Nigeria has found itself at the centre of devastating floods over the past week, with poor preparation from authorities partly blamed for the damage caused. At least 600 people have died across the west African nation, with two-thirds of states affected by the disaster.
An estimated 1.3 million people have been displaced, with up to a quarter of a million homes reportedly destroyed. The floods are a culmination of months of above average rainfall, with the first floods having occurred in summer.
Compounding the problem was the release of water from a dam in neighbouring Cameroon, resulting in larges areas of farmland being submerged and threatening food security in the region.
Meanwhile, in the US there has seen a sharp divide across the country thanks to the positioning of the jet stream. The western half of the country has had a late blast of summer, bringing another wave of record-breaking temperatures. Seattle was one city affected by the warmth, with the mercury topping 31C (87.8F) last Sunday. Temperatures have never reached such highs so late in the season, with this October having had more days above 75F (23.9C) than any other.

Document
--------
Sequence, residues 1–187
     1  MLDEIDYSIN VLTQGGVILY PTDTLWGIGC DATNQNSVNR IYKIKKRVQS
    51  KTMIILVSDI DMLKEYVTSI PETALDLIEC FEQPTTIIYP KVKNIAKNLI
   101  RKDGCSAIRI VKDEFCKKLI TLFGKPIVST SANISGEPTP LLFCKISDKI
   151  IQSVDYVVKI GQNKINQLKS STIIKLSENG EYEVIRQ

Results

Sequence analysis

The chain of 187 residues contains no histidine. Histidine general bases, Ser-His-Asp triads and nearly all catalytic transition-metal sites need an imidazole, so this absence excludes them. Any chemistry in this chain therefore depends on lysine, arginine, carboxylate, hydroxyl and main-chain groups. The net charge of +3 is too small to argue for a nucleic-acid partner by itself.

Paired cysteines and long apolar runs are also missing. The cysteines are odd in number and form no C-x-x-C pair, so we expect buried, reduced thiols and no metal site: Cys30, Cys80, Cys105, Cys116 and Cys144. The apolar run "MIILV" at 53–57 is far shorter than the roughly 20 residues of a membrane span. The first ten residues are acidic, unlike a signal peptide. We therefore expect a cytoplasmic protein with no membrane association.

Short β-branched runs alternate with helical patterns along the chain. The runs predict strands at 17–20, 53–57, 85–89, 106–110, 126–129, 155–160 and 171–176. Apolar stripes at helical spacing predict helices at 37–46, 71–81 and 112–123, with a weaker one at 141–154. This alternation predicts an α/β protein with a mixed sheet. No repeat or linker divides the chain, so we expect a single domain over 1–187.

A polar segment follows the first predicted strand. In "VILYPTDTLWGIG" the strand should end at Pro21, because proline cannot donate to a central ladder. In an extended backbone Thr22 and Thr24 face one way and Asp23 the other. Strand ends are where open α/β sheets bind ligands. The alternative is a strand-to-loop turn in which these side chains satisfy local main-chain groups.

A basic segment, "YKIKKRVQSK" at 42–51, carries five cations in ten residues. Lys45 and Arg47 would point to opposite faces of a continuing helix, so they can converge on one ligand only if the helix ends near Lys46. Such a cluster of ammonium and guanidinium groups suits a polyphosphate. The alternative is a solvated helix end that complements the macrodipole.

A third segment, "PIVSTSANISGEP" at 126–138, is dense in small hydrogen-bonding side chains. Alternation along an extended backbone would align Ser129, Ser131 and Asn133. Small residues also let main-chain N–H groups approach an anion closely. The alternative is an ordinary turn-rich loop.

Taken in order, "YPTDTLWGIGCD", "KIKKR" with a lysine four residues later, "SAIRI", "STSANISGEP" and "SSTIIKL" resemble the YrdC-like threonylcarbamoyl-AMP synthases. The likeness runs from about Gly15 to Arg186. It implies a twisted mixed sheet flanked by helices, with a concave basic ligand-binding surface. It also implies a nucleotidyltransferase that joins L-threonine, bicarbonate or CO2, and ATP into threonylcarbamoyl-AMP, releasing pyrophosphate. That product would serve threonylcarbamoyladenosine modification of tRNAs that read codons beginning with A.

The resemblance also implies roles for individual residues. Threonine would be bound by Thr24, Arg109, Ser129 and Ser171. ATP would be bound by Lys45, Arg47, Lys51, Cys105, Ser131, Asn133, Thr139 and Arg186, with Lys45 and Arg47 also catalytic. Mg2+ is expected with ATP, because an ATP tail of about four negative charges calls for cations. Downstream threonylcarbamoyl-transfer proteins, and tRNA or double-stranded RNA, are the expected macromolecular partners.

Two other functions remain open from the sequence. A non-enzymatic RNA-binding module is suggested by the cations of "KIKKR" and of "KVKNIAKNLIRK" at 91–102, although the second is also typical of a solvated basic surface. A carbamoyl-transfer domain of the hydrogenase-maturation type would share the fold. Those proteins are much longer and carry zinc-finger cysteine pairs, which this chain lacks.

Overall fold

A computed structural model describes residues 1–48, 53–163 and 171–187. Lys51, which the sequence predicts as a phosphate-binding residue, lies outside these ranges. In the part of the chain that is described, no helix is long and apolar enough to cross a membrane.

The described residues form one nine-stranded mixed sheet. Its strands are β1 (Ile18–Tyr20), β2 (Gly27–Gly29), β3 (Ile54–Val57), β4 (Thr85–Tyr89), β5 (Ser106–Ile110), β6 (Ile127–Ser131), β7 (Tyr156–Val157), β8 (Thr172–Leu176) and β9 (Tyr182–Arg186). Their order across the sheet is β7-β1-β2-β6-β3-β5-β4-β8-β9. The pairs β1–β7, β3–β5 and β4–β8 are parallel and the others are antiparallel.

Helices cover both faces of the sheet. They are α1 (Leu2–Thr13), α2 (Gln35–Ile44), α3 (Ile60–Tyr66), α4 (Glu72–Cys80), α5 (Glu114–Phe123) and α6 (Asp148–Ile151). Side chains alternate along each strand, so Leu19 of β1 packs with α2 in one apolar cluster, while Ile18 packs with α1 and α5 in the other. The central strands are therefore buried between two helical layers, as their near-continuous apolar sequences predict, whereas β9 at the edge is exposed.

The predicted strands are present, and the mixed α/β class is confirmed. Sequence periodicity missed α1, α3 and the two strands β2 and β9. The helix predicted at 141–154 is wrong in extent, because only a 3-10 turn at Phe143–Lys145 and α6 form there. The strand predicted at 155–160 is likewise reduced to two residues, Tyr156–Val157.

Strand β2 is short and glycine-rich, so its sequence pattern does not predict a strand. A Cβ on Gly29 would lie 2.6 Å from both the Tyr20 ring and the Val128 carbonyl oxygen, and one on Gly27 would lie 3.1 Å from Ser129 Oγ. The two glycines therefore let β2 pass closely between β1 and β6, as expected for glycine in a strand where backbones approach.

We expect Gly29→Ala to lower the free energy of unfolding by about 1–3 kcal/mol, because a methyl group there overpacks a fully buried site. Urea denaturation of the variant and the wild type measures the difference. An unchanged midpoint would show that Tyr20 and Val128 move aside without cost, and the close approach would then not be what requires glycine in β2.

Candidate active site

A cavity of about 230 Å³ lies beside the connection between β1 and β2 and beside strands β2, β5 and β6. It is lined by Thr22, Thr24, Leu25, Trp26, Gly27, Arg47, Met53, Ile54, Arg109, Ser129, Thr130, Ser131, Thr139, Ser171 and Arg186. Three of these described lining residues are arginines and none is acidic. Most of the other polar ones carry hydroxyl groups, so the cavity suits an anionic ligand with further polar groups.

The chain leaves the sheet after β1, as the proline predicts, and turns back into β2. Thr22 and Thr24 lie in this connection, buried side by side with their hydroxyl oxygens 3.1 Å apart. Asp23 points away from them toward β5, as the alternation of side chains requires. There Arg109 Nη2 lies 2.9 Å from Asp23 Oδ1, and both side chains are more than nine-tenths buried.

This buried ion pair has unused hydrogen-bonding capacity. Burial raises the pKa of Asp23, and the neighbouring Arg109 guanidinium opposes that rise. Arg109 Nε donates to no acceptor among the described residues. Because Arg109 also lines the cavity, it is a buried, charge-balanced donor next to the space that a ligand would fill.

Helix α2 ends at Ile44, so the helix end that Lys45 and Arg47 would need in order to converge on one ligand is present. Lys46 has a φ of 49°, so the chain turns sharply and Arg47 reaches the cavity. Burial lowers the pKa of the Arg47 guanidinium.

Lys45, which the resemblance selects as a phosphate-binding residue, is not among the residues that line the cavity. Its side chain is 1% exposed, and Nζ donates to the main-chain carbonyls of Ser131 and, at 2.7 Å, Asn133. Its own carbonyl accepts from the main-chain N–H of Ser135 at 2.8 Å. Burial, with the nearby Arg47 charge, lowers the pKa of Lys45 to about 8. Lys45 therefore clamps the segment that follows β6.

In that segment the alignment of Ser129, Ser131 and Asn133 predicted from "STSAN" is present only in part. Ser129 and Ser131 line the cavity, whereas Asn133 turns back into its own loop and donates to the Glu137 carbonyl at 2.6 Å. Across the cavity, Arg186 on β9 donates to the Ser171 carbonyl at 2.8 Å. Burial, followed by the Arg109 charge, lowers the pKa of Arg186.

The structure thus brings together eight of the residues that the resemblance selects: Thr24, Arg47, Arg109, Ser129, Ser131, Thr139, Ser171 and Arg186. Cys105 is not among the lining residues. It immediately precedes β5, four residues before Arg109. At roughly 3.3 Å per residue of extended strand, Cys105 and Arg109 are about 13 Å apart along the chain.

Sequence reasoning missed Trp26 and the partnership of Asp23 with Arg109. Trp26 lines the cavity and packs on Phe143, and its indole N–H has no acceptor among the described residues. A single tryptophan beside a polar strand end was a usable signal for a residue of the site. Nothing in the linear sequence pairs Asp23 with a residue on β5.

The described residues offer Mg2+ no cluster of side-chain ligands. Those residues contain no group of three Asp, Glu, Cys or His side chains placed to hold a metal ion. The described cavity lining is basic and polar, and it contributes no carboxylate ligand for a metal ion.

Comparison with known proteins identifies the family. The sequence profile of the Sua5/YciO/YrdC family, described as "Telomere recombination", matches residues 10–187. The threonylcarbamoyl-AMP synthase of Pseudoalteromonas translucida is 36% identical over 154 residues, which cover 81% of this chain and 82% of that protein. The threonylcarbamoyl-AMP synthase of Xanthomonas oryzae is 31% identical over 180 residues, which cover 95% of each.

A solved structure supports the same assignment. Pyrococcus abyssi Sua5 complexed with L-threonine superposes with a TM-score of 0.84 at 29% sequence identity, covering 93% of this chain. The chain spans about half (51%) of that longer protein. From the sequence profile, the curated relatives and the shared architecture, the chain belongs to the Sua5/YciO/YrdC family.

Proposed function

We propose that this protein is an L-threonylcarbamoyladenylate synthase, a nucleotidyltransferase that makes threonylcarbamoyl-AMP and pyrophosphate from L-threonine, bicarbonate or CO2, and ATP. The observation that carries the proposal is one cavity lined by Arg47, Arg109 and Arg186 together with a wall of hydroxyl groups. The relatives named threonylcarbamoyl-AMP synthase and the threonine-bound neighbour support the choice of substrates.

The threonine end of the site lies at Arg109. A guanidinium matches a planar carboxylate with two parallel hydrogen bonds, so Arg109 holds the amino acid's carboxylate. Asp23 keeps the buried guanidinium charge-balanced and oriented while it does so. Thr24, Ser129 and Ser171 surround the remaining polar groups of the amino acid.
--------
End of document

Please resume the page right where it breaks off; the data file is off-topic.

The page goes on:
However, the eastern half of the US has had an early blast of winter. In the Great Lakes in particular, records have been broken due to the cold, with parts of Michigan and Wisconsin recording more than 40cm of snow through Monday and Tuesday.
This was caused by what is called lake effect snow, where the temperature difference between the relatively warm water of the Great Lakes and the cold air aloft drives persistent and intense convective precipitation.
South-western parts of Europe had yet another blast of heat in recent days, following a relentlessly hot summer. In France, temperatures hit 29C (84.2F) on Wednesday, while in Spain there was further record heat. Granada recorded its hottest October day on record, reaching 35.3C (95.5F). This means that there have been an astonishing 25 days this year in Spain on which a heat record has been broken.
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